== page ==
I went, "Huh?"
It's like eating poultry but taking a moral stand against those chocolate chicks they sell at Easter. "A sea horse is not related to an actual horse," I said. "They're fish, and you eat fish all the time. Are you objecting to this one because of its shape?"
He said he couldn't eat sea horses because they were friendly and never did anyone any harm, this as opposed to those devious, bloodthirsty lambs whose legs we so regularly roast with rosemary and new potatoes.
The dishes we had at the Farming Family Happiness were meant to be shared, and as the pretty woman with the broad face brought them to the table, the man across from me beamed and reached for his chopsticks. "You know," he said, "this country might have its ups and downs but it is virtually impossible to get a bad meal here."
I didn't say anything.
[A]n undercover local TV reporter found workers repackaging and selling expired and spoiled meat at Shanghai Husi Food Co., owned by the Illinois-based OSI Group. The Shanghai Food and Drug Administration has halted Husi’s operations.Tourists and the Chinese middle class expect foreign restaurants to be more reliable and less likely to kill them or make them sick. But we're talking about McDonald's, KFC, Pizza Hut and Taco Bell so... I wouldn't eat in one down the road from where I live let alone in China or anywhere else. They serve garbage and their food and business culture is garbage. So what else could anyone possibly you expect? Starbucks? The Husi Food Co scandal has moved across the Sea of Japan.
The latest food safety scandal could be a blow to McDonald’s and Yum [KFC, Pizza Hut and Taco Bell] as both hopes to expand in the Chinese market. The pair has already vowed in 2012 to ensure the safety of food they serve after China Central Television reported the companies may have sold chicken fed with unapproved antibiotic drugs and growth hormones.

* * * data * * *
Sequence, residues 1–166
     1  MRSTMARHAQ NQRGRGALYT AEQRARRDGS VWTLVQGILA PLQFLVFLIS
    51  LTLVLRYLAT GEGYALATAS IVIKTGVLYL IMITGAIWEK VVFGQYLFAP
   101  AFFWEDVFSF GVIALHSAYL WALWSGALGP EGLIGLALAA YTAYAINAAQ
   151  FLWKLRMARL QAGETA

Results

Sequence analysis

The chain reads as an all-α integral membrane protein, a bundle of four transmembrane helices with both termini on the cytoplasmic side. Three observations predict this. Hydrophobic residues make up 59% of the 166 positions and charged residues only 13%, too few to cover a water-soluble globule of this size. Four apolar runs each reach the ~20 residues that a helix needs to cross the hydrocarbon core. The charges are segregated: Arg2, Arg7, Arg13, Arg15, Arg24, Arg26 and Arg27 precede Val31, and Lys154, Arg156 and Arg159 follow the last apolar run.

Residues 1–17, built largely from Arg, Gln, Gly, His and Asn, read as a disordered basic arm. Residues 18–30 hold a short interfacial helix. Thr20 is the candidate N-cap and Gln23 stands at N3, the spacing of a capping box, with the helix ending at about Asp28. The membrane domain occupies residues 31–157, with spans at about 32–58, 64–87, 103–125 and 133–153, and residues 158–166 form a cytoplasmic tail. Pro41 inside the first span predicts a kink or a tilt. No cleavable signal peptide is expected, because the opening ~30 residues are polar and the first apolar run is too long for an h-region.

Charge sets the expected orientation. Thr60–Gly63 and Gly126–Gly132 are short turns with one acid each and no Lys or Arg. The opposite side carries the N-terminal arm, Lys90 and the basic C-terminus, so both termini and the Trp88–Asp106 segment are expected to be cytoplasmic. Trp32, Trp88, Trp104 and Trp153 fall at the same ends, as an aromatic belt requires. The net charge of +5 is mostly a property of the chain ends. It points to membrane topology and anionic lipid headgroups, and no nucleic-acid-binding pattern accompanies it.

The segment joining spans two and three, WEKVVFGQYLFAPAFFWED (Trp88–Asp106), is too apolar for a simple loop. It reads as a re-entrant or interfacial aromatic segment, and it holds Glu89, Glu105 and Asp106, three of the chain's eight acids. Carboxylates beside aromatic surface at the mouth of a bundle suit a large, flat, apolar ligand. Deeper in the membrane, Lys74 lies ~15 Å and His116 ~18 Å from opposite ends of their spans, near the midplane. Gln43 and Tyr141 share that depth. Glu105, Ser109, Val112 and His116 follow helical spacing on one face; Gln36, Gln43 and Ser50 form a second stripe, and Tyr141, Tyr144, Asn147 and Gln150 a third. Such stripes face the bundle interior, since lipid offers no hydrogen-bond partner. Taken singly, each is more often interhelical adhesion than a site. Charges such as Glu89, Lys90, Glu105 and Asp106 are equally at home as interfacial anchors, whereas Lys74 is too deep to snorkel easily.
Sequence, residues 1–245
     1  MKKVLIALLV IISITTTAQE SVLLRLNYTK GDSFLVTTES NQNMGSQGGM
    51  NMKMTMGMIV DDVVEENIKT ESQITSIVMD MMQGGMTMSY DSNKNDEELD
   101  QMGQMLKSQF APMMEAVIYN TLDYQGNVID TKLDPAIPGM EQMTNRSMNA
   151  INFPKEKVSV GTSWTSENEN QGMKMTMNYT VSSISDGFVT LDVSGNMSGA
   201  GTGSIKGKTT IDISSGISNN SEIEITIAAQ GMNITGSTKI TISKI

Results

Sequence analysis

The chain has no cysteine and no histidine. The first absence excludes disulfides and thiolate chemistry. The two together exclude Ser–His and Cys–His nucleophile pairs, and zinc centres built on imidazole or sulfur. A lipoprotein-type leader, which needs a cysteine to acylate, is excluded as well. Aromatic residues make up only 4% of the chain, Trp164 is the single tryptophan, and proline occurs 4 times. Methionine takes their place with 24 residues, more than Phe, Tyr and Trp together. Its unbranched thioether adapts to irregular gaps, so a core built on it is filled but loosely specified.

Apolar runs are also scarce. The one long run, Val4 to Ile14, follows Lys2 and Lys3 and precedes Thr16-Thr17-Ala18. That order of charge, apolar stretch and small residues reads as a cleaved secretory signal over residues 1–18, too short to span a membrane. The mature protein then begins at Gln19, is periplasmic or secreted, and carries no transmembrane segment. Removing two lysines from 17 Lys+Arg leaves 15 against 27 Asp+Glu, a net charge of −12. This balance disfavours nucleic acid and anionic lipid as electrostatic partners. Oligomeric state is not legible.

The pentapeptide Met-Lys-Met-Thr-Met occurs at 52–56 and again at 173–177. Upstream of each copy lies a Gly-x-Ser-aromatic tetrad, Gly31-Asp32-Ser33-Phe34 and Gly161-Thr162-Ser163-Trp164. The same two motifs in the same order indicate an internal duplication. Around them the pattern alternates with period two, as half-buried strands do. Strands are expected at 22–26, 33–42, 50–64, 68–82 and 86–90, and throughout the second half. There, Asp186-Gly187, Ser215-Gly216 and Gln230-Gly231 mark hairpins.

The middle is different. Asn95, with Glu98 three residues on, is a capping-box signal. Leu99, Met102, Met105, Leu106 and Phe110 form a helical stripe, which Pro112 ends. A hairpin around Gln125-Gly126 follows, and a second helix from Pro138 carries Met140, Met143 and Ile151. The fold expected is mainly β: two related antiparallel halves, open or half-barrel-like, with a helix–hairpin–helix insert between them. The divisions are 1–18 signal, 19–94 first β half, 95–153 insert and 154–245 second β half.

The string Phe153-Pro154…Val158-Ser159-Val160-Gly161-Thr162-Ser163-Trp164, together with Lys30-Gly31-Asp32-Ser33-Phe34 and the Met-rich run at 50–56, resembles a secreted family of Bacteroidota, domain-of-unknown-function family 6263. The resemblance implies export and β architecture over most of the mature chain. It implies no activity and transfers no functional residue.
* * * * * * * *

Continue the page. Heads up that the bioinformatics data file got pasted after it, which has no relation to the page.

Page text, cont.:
The Husi investigation shows that the culture of food safety still hasn’t taken root in China, where infants have been killed and sickened after consuming milk powder tainted by industrial chemical melamine. Shaun Rein, founder and managing director of the China Market Research Group, once told me that the problem lies in the country’s porous and outdated supply chain, where every link could go awry.
The scandal surrounding Husi Food, which is owned by OSI Group of Aurora, Illinois, has added to a string of safety scares in China over milk, medicines and other goods that have left the public wary of dairies, restaurants and other suppliers.Let's hope the "severe punishment" will include extraditing American ex-bankster, billionaire Sheldon Lavin, OSI's sole owner (most of whose political donations go through the Desert Caucus).
Food safety violations will be “severely punished,” the food agency said on its website.
Starbucks Corp. on Tuesday said it removed from its shelves sandwiches made with chicken that originated at Husi. Burger King Corp. said it stopped using hamburger it received from a supplier that used product from Husi. Pizza restaurant chain Papa John’s International Inc. announced it stopped using meat from Husi.
In Japan, McDonald’s Corp. said it stopped selling McNuggets at more than 1,300 outlets that used chicken supplied by Husi. It said the Shanghai company had been supplying chicken to it since 2002.